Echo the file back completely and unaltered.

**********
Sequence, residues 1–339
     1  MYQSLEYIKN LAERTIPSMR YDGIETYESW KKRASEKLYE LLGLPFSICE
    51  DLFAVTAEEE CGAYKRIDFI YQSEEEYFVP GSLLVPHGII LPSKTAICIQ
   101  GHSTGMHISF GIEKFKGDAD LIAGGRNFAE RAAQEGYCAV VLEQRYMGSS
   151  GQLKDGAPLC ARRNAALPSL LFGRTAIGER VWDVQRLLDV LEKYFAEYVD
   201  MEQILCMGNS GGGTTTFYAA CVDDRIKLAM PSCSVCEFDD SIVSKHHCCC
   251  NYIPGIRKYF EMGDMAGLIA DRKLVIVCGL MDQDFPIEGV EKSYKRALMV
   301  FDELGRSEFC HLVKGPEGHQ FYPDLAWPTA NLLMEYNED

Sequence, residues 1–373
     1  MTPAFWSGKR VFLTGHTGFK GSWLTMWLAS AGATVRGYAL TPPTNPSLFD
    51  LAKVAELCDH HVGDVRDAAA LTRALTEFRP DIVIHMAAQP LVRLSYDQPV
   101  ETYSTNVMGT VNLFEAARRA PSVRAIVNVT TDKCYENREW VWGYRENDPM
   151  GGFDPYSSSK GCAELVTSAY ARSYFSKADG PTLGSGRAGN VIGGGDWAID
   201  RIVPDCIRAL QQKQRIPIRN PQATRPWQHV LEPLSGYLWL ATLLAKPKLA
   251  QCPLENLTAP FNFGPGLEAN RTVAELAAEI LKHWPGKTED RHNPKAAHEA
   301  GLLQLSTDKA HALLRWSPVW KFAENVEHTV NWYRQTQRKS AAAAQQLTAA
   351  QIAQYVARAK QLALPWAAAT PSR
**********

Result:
Sequence, residues 1–339
     1  MYQSLEYIKN LAERTIPSMR YDGIETYESW KKRASEKLYE LLGLPFSICE
    51  DLFAVTAEEE CGAYKRIDFI YQSEEEYFVP GSLLVPHGII LPSKTAICIQ
   101  GHSTGMHISF GIEKFKGDAD LIAGGRNFAE RAAQEGYCAV VLEQRYMGSS
   151  GQLKDGAPLC ARRNAALPSL LFGRTAIGER VWDVQRLLDV LEKYFAEYVD
   201  MEQILCMGNS GGGTTTFYAA CVDDRIKLAM PSCSVCEFDD SIVSKHHCCC
   251  NYIPGIRKYF EMGDMAGLIA DRKLVIVCGL MDQDFPIEGV EKSYKRALMV
   301  FDELGRSEFC HLVKGPEGHQ FYPDLAWPTA NLLMEYNED

Sequence, residues 1–373
     1  MTPAFWSGKR VFLTGHTGFK GSWLTMWLAS AGATVRGYAL TPPTNPSLFD
    51  LAKVAELCDH HVGDVRDAAA LTRALTEFRP DIVIHMAAQP LVRLSYDQPV
   101  ETYSTNVMGT VNLFEAARRA PSVRAIVNVT TDKCYENREW VWGYRENDPM
   151  GGFDPYSSSK GCAELVTSAY ARSYFSKADG PTLGSGRAGN VIGGGDWAID
   201  RIVPDCIRAL QQKQRIPIRN PQATRPWQHV LEPLSGYLWL ATLLAKPKLA
   251  QCPLENLTAP FNFGPGLEAN RTVAELAAEI LKHWPGKTED RHNPKAAHEA
   301  GLLQLSTDKA HALLRWSPVW KFAENVEHTV NWYRQTQRKS AAAAQQLTAA
   351  QIAQYVARAK QLALPWAAAT PSR